Countries around the world have moved to restrict the use of the Oxford-AstraZeneca Covid-19 vaccine after British and European regulators found a possible link between the shot and very rare blood clotting, shaking public trust and complicating immunization programs despite expert consensus that the vaccine is safe, effective and has benefits that far outweigh any possible risks.
The U.K.’s medicines regulator (MHRA) said people under the age of 30 should be offered an alternative to the AstraZeneca shot Wednesday, an abrupt course correction after ministers spent weeks defending the vaccine.
MHRA head Dr. June Raine emphasized that while the benefits of vaccination continue to outweigh any possible risks, this trade-off is more “finely balanced” in young people, who are believed to be more vulnerable to the clotting and are at less at risk from Covid-19, particularly in countries with high levels of vaccination like the U.K..
Europe’s medicines regulator (EMA), which also acknowledged a possible risk of blood clotting Wednesday, did not restrict its use—it recommended it be noted as a very rare side effect—but its report prompted Spain, Italy and Belgium to join a number of other European countries, including France and Germany, in limiting the shot to those aged around 60 and up (there is no unified policy).
Australian Prime Minister Scott Morrison said the nation’s health advisers recommended people under 50 receive an alternative vaccine Thursday “out of an abundance of caution” and in recognition of the country’s low incidence of Covid-19, adding that the country’s vaccination program, which uses AstraZeneca and Pfizer vaccines, will need a major “recalibration” to accommodate the change.
The Philippines and South Korea suspended the shot for use in people under 60, citing the European investigation, though South Korean officials rapidly reversed course amid the highest levels of cases since early January.
Canada restricted the vaccine for use in those under 55 in late March, a precautionary measure in response to reports of blood clots that was taken a week after regulators gave the shot the green light.
In a press briefing announcing the agency’s findings, the EMA’s head of data analytics, Peter Arlett, compared the vaccine with the contraceptive pill millions take every day. Arlett said you might expect to see about four cases of excess blood clots for every 10,000 people treated for a year. This figure is substantially higher than those being discussed with this vaccine.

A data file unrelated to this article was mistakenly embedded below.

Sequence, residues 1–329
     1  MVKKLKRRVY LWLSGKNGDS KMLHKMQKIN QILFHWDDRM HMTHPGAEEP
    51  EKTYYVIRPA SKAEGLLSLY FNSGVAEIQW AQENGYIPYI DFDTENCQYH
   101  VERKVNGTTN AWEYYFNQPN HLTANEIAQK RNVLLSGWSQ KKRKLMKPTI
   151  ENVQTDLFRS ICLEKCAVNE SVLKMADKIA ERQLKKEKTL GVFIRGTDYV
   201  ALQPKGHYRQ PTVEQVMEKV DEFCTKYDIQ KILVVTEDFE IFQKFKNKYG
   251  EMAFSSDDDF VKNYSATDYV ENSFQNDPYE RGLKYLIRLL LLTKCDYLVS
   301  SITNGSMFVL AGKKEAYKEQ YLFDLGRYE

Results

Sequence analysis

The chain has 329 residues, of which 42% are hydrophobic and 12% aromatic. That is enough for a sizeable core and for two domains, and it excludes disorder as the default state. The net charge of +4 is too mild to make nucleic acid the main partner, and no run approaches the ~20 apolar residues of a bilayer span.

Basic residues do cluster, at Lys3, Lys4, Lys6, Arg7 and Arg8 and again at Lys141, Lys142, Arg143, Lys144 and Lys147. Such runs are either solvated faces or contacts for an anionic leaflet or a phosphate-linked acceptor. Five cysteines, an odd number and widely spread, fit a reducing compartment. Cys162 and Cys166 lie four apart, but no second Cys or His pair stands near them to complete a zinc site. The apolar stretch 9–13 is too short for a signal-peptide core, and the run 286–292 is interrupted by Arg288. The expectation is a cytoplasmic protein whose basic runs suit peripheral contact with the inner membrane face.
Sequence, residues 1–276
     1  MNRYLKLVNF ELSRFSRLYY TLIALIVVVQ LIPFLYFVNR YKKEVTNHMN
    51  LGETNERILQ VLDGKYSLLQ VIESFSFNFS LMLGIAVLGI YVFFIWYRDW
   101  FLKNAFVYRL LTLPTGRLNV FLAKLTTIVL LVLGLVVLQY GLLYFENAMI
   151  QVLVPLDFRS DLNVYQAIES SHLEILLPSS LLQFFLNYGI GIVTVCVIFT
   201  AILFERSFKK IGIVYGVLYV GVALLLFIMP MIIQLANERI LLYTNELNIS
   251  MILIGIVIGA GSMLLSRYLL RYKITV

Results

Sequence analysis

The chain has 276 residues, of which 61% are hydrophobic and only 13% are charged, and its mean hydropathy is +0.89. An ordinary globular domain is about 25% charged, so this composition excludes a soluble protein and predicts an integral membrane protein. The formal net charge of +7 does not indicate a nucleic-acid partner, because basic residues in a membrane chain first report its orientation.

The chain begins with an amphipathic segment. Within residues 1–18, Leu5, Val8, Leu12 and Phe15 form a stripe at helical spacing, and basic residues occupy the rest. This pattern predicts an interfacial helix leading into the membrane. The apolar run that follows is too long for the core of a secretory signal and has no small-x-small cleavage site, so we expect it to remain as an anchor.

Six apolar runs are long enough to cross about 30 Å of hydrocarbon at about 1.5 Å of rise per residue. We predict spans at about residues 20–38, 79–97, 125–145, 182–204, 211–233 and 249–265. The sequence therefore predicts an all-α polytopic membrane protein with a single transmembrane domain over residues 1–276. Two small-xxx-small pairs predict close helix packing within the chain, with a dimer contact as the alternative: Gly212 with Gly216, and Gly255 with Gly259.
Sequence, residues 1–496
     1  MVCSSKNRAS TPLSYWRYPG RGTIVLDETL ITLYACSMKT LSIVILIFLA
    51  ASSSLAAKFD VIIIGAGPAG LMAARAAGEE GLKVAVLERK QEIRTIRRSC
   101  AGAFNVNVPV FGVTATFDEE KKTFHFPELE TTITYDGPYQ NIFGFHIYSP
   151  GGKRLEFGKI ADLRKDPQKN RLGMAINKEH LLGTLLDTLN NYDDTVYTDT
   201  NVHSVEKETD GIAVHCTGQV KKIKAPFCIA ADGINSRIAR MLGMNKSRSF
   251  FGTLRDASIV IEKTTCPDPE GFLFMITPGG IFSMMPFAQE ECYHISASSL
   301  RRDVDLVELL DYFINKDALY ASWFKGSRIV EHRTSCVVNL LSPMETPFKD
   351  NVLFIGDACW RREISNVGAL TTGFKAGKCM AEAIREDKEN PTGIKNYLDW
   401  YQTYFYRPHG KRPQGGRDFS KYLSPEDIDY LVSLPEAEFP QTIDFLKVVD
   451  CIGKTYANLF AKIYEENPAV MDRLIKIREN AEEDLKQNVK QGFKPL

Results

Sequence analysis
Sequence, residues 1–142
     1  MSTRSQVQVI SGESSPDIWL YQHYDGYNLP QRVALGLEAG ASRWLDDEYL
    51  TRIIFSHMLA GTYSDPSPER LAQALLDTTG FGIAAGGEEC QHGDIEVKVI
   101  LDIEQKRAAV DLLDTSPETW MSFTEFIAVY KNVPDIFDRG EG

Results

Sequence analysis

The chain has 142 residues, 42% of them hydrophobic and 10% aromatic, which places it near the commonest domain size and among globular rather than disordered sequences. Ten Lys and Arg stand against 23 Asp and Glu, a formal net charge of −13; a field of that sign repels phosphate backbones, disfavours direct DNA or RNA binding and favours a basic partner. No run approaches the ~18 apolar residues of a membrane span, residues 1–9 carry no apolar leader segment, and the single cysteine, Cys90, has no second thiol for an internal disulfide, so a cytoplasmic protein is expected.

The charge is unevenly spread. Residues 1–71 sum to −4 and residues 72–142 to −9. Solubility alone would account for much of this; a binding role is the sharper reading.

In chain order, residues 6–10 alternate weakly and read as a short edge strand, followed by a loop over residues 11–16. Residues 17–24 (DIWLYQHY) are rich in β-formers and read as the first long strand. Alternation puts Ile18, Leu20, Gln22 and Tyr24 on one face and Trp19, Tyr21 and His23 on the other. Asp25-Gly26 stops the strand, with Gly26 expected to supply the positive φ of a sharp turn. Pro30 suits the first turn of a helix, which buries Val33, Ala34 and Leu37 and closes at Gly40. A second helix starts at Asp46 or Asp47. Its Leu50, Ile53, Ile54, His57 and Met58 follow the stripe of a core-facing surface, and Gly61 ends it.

Regulators, even those suspending or restricting the shots use, uniformly stress the benefits and overall safety of the vaccine. This has been determined by rigorous medical testing and the risks from Covid-19 are considerably greater than those possibly presented by the vaccine. Even if there is a rare side effect of blood clotting—as the EMA has labeled it—it would still be considered to be a very safe product and the incidence of .
What We Don’t Know
Experts are still unsure what causes the blood clotting or if there is a definitive link, experts at the EMA and MHRA said Wednesday. It is also possible other vaccines on the market are also associated with blood clots, Professor Ian Douglas, professor of pharmacoepidemiology at the London School of Hygiene & Tropical Medicine, said. “We need to remember this doesn’t mean other vaccines are not also associated with rare clots, just that we have less evidence and experience with them at the moment.”
20 million. As of March 31, the MHRA says this is how many doses of the AstraZeneca vaccine have been administered in the U.K.. By this point, 79 cases of rare blood clotting had been recorded, 19 of whom died, working out at an overall risk of 4 people in one million being vaccinated.
What To Watch For
Whether the drug is approved by the U.S. Food and Drug Administration, which could prove influential globally. The company has said it intends to apply for emergency approval off the back of an ongoing clinical trial that suggests it is 76% effective against symptomatic Covid-19.
European Scientists Say They Know Why AstraZeneca’s Vaccine Is Causing Rare Blood Clots (Forbes)
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Europe’s Mixed Messages On AstraZeneca Vaccine Jeopardize Global Covid Response (Forbes)
EU Agency OKs AstraZeneca Vaccine Ruling Out Broad Link To Blood Clotting (Forbes)
Experts Defend Safety Of AstraZeneca Covid-19 Vaccine After Several Countries Suspend The Shot (Forbes)
Politics, Not Science, May Be Behind Suspensions Of AstraZeneca’s Covid Vaccine (Forbes)
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